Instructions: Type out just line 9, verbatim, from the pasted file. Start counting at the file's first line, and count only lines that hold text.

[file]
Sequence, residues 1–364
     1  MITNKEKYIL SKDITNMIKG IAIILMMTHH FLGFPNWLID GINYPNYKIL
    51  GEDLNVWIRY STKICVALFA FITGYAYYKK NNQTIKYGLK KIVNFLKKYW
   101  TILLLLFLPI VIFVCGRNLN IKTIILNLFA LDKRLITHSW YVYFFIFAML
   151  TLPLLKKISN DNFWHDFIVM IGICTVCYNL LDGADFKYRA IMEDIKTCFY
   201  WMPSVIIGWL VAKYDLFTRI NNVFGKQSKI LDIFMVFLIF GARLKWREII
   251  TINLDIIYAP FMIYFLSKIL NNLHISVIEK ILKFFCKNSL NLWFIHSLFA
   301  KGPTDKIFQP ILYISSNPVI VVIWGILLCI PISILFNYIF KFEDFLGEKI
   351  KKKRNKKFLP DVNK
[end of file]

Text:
   351  KKKRNKKFLP DVNK